Pregnant pause: Psych research and moms-to-be
Pregnant pause: Psych research and moms-to-be
Group looking for solutions to thorny ethical issues
Handling mental illness during pregnancy can be a double-edged sword. Because of the scarcity of clinical research with pregnant women, there are no FDA-approved medications for treating such illnesses. On the other hand, untreated mental illness in pregnancy carries its own risks. For example, depression has been associated with fetal growth problems, preterm birth, and longer stays in the NICU; untreated schizophrenia can lead to preterm birth, low birth weight and a greater chance of postnatal death.1
Doctors and patients urgently need the most complete information about the effectiveness of treatment alternatives, says Anna Brandon, PhD, assistant professor of psychiatry at the University of Texas Southwestern Medical School in Dallas. But because of ethical concerns, it has been difficult to conduct randomized, controlled trials with pregnant participants.
Brandon says she became aware of the constraints on research while conducting a study involving non-medication therapy with pregnant women and their husbands. "Then I became acquainted with a bioethicist and a few other folks and we started putting our heads together and saying, 'This is a problem that really hasn't been addressed,'" she says.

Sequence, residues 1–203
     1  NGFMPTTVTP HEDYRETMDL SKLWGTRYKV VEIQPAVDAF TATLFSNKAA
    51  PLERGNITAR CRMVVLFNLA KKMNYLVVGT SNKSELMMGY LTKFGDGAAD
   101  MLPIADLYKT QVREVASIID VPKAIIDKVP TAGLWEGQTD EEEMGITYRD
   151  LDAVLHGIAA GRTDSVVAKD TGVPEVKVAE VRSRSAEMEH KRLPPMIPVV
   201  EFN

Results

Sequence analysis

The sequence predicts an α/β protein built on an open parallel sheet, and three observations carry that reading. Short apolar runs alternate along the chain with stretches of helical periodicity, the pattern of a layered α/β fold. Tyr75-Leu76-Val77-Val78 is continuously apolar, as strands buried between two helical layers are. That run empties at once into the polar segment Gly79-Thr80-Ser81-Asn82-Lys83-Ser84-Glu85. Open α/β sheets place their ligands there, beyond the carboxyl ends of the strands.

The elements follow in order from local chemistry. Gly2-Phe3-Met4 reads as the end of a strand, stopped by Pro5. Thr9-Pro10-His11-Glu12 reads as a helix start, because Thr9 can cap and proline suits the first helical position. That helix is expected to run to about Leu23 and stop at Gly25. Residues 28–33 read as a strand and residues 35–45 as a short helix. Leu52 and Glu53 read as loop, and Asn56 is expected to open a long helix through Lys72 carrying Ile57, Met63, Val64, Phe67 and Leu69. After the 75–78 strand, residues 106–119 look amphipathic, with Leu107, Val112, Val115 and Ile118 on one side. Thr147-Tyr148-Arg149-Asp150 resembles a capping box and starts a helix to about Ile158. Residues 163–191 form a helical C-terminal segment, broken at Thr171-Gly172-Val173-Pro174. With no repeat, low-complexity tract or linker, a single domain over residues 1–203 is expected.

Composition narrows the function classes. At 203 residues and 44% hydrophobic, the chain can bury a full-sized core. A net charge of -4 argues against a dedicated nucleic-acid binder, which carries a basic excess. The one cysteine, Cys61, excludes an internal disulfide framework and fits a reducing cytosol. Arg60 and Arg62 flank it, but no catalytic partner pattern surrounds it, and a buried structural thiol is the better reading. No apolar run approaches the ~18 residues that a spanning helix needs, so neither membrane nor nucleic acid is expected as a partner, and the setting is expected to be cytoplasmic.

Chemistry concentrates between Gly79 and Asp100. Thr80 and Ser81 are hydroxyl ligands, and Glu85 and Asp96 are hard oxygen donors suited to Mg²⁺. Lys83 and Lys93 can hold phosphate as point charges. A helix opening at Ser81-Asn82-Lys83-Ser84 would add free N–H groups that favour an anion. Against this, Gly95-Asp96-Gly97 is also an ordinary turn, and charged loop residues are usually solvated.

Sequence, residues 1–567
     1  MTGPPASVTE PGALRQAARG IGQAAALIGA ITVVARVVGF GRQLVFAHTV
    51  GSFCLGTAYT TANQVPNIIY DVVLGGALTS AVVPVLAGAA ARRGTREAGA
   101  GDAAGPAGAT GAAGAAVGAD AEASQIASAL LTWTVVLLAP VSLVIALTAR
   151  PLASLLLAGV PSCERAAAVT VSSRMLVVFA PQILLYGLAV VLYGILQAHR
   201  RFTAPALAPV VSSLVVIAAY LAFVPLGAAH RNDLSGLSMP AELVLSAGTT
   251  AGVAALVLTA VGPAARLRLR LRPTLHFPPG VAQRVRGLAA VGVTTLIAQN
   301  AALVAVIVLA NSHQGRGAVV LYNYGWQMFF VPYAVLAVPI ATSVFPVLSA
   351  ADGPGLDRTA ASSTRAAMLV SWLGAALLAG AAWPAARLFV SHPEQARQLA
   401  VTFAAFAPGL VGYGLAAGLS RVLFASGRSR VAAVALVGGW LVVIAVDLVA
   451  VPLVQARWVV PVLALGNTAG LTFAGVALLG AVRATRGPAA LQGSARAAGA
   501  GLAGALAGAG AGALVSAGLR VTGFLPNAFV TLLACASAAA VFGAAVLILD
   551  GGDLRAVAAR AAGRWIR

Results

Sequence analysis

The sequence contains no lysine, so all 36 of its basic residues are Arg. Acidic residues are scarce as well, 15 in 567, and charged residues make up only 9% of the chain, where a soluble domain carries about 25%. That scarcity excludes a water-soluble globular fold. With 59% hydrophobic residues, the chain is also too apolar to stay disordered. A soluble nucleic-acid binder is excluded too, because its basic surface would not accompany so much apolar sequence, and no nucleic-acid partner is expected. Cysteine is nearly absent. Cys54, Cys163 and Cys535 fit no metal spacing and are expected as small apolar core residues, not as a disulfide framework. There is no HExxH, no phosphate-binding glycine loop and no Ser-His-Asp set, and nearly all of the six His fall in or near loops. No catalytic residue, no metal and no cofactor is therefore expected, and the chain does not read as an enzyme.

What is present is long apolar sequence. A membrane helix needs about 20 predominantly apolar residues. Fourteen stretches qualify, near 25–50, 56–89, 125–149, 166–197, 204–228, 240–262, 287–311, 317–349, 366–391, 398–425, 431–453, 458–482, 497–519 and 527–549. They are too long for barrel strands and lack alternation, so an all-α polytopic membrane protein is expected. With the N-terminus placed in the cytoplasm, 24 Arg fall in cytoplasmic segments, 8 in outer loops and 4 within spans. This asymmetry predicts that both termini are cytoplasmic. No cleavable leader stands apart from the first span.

That group plans to conduct surveys on the attitudes of IRBs, researchers, community practitioners, and pregnant women regarding research. Their aim is the development of guidelines that would address the ethical issues surrounding mental health research during pregnancy.
"Psychiatric issues are different than other health issues in pregnancy, because they impair the mental and emotional functioning of the mom, which has secondary effects on the family, the fetus, and the baby," Brandon says. "So we feel it has to be viewed through a different framework than, say, looking at gestational diabetes, or gestational hypertension, which are serious illnesses but don't necessarily impair the woman's functioning with her baby."
Brandon says existing guidance for research with pregnant women is vague and often doesn't address the unique problems posed by mental illness. For example, the usual concerns about informed consent may not take into account a woman who is severely depressed and has difficulty with decision-making.
Brandon notes that the role of fathers, as outlined in human subjects protection regulations, isn't well fleshed out. "As it stands now, the pregnant woman is given the option to bring the father into play if he's competent, if he's involved, and if she identifies him. But it's still fairly contingent on the information she presents the researcher or the obstetrician about the father."
Concerns that pit the health of the fetus against the health of the mother can actually endanger the fetus more, she says. "Because if the mother suicides, the fetus dies, too."